Parliament has rejected 2020 budget statement and Economic Policy after a heated debate last Friday.
The rejection comes after all 137 Minority Members of Parliament (MPs) voted against the motion while members of the Majority Caucus abandoned their seats in protest against alleged bias on the part of the Speaker of Parliament.
Members on the majority side staged a walkout after disagreement over a voice vote which did not go in their favour.
A last-minute request by the Finance Minister to meet with the leadership of the House was turned down by MPs after the Speaker of Parliament announced that the ‘Nos’ had won the voice vote.
Deputy Majority Leader, Alexander Afenyo Markin, thus challenged the Speaker’s interpretation of the voice vote and called for a ‘division’.
Mr. Bagbin subsequently directed that, per orders of the House, non-MPs had to vacate the Chamber during the division process.
“As the Speaker, I will do all I can, not allow the government to obstruct or frustrate parliament in its lawful duty. That is a pledge to the people of Ghana, and there is a reason why the good people of Ghana elected this parliament. It is hung parliament of 137-137, the independent who decided to do business with one side of the majority, there is no majority party in this house. This is a new beginning, where for the first time, a Majority has walked out from its own business”, Rt. Hon. Alban Bagbin stated.
While vacating the Chamber, the Majority MPs demanded that the General Secretary of the opposition National Democratic Congress, Johnson Asiedu Nketiah, who was sitting in the public gallery at the time, must also exit the House. He ignored this request.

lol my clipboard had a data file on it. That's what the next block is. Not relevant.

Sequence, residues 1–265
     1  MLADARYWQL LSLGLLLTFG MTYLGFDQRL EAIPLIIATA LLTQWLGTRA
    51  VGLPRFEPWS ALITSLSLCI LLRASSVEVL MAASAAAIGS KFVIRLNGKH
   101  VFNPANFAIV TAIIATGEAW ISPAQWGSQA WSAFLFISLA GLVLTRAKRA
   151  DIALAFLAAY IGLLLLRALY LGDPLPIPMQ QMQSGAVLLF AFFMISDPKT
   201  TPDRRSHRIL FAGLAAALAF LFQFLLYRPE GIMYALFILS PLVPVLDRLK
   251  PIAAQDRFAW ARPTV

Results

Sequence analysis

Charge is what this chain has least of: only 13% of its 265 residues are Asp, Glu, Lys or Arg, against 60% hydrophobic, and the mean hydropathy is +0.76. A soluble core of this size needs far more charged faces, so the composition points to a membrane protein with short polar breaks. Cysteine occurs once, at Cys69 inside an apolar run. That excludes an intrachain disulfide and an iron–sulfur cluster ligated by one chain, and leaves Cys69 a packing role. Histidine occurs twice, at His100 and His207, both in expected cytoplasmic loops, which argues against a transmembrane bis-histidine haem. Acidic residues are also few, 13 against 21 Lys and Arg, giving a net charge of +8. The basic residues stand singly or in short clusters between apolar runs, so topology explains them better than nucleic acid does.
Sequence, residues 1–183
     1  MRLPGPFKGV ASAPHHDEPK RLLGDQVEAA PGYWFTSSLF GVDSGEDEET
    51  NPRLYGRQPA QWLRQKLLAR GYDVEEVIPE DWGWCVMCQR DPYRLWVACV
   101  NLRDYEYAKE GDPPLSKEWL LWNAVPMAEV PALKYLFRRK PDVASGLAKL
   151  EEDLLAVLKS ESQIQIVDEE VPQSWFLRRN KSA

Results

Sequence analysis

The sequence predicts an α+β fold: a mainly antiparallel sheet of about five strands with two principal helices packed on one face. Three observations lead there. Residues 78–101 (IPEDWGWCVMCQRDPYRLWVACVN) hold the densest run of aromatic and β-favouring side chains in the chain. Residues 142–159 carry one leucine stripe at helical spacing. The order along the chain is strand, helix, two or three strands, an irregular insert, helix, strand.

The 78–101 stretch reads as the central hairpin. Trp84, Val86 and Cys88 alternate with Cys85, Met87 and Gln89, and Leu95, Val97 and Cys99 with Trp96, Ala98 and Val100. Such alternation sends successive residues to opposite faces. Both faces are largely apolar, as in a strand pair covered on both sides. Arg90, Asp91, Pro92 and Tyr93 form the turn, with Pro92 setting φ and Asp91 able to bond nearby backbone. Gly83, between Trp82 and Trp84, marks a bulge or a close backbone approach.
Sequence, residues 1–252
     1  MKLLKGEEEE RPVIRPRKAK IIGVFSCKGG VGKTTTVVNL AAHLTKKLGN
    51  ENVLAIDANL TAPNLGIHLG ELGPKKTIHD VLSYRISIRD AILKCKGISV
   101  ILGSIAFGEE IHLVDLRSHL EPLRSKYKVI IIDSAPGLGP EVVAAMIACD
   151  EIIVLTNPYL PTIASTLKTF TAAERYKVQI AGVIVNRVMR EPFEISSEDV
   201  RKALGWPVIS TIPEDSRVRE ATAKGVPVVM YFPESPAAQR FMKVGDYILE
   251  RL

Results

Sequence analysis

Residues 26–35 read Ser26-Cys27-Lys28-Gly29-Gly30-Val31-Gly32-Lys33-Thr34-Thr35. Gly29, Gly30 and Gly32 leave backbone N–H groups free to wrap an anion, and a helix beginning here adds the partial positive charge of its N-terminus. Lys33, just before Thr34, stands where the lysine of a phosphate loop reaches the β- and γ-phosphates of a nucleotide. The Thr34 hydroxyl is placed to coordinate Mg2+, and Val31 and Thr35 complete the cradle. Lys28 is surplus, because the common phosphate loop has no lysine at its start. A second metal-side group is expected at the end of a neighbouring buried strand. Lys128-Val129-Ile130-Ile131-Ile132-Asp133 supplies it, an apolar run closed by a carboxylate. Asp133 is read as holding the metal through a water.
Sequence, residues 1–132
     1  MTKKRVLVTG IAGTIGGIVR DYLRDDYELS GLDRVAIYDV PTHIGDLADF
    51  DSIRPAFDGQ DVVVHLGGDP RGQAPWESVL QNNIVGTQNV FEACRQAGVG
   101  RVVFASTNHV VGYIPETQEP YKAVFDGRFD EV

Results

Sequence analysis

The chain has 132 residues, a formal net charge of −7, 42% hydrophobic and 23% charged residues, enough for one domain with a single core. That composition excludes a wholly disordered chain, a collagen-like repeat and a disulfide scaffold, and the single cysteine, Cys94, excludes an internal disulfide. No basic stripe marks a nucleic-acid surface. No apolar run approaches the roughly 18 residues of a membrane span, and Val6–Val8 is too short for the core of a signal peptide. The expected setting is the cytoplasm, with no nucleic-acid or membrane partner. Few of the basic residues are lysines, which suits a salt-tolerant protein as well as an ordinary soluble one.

This infuriated the Majority MPs who walked out of the Chamber, leaving only members on the Minority side.
The Speaker of Parliament thus suspended the sitting for five minutes.
He subsequently came back to the House to continue with proceedings.
Minority’s opposition to budget
The Minority caucus in Parliament had vowed to kick against the government’s proposal for a 1.75% tax on all electronic financial transactions.
The tax according to the side is a disincentive to investments and private sector development. Minority Leader, Haruna Iddrisu said the tax will overburden Ghanaians.
“Our concern is whether the e-levy itself will not be a disincentive to the growth of a digital economy in our country. We are convinced that the e-levy may as well even be a disincentive to investments and private sector development in our country… We in the Minority will not support government with the introduction of that e-levy. We are unable to build national consensus on that particular matter,” he said.
Various stakeholders including those in the telecommunications sector have also raised concerns about the policy.
Government in response is expected to engage the telcos on the policy.
The 1.75 percent levy will be imposed on transaction covering mobile money payments, bank transfers, merchant payments, and inward remittances.